Monday, March 16, 2009

Due Diligence on Residential Rental Properties

I can’t emphasize enough on the importance of due diligence. How many of you signing your mortgage documents without thoroughly reading it? Or buying stocks of a company without at least reading the financial statements?

I know this happens not only at the individual level, but at the institutional level as well. Few friends confessed to me that they didn’t read the mortgage documents before they signed them. Some well known corporations, their representatives didn’t thoroughly verify the vendor invoices before paying them. Let’s say you receive an invoice of total cost $30 millions, do you know that one of the charge of $75K, may not be a valid expense? If you are one of those people, chances are, you may not do the proper due diligence when buying investment properties.

One time, my agent, who was a seasoned REALTOR with more than 20 years experience, presented a property to me. The property was in a good neighborhood and relatively new. I started to do the due diligence. Everything looked fine, until I found out the guy who was living cross the street was a sexual offender. I immediately notified my agent, and he was surprised. He didn’t know about it. Since my intention was to purchase the property and hold it as a rental, it would be a big liability for me, let’s say if I had tenant with children. Especially I had the knowledge about the presence of sexual offender. You may guess the end of the story. I asked my agent to find me another property.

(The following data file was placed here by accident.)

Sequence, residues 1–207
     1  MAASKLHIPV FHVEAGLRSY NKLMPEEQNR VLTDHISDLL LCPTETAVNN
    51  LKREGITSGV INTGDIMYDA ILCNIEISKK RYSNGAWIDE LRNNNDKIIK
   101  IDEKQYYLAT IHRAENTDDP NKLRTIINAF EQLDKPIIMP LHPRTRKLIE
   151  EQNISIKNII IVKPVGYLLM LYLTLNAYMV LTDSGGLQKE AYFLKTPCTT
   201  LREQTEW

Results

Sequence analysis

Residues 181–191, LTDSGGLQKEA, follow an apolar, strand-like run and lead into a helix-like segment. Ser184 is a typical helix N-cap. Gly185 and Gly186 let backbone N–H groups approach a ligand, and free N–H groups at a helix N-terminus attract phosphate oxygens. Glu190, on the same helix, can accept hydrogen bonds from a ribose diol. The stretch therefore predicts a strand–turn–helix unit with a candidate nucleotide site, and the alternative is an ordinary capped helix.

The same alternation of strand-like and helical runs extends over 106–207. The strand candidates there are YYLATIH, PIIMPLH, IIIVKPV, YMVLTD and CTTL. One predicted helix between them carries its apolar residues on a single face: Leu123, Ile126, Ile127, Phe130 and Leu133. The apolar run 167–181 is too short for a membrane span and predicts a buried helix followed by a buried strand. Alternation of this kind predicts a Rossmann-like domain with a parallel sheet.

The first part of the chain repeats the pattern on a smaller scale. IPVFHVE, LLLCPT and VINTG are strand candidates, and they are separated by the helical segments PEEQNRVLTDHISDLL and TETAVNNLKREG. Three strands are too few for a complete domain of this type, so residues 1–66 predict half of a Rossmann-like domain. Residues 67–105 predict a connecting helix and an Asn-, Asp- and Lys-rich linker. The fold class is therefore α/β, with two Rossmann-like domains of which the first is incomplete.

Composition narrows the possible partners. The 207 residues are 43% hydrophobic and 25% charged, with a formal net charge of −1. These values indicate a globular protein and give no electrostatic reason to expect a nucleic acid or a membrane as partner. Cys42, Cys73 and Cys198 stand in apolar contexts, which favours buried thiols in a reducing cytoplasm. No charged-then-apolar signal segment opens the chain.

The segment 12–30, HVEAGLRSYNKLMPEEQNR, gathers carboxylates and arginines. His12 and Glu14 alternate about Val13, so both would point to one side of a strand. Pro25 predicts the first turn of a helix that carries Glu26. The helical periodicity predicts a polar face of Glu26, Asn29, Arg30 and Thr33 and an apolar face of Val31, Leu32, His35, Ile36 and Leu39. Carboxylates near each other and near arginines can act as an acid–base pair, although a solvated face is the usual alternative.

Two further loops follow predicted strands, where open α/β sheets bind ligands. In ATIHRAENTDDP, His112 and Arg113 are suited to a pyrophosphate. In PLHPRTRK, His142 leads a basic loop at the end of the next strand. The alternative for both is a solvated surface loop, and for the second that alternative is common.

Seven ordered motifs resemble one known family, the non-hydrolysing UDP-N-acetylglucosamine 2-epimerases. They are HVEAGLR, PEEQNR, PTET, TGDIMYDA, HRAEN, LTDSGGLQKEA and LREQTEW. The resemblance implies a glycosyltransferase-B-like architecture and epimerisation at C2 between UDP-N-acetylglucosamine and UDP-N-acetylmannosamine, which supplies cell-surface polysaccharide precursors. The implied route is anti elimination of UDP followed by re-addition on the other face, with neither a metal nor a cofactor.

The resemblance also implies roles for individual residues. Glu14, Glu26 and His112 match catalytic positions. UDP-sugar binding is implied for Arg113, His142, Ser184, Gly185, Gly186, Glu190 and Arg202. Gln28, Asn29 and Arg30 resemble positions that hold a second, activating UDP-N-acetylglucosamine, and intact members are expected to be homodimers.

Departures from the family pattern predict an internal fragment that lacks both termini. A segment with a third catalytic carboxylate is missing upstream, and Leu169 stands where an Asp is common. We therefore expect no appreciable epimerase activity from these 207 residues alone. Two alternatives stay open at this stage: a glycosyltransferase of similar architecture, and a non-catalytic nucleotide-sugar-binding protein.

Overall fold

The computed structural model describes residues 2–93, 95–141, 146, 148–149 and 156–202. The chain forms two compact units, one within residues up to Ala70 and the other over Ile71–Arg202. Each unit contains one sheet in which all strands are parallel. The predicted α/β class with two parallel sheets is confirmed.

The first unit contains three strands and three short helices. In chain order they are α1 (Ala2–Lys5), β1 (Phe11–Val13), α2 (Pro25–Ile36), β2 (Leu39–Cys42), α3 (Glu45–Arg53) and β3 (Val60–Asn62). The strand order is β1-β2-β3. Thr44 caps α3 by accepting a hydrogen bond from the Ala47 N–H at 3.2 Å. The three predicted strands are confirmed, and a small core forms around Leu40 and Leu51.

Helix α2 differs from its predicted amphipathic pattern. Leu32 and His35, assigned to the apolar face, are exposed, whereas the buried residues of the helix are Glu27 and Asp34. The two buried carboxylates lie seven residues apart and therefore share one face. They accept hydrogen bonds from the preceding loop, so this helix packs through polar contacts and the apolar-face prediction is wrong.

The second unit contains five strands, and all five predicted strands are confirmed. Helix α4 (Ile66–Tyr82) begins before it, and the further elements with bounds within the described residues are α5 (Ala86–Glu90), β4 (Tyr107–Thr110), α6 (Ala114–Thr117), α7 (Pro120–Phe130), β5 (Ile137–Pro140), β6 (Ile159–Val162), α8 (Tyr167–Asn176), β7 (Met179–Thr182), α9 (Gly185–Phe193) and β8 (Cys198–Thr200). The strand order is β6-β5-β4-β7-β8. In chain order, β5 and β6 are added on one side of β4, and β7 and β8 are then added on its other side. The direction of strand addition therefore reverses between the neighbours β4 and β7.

Due diligence requires a lot of work and knowledge. Novice investors don’t do proper due diligence because they don’t know how to do it. But the worst part is, people who exactly know what they are supposed to do and know how to do it, yet they choose to ignore it for whatever reason.

So, what kind of due diligence has to be done on residential rental properties? I give you few examples.

Demographics, do you know the population, density and the growth rate in that city or county? How much is the average household income? How about vacancy rate?

Business and economics, who are the major employers? Do they have plan for expansion or reduction? Any future massive layoff? What is the unemployment rate?

Natural Disasters, whether it is an earthquake, tsunami, hurricane or tornado, know your potential risk.

Zoning and Planning Department of the city, what is the zoning of the subject property? Does the city have plan to construct highway close by (potential noise)? Any public airport near by?

Title and lien, any easement, encroachment, or special tax assessment?

And much more. No matter how well you do the due diligence, it may be still few surprises down the road. The goal is to know what you are buying and minimize your risk as much as possible. If you have the proper due diligence, you will still be much better off than if you don’t.

In the future, I will write about “Due Diligence on Apartment Building”. Stay tuned and come back often.

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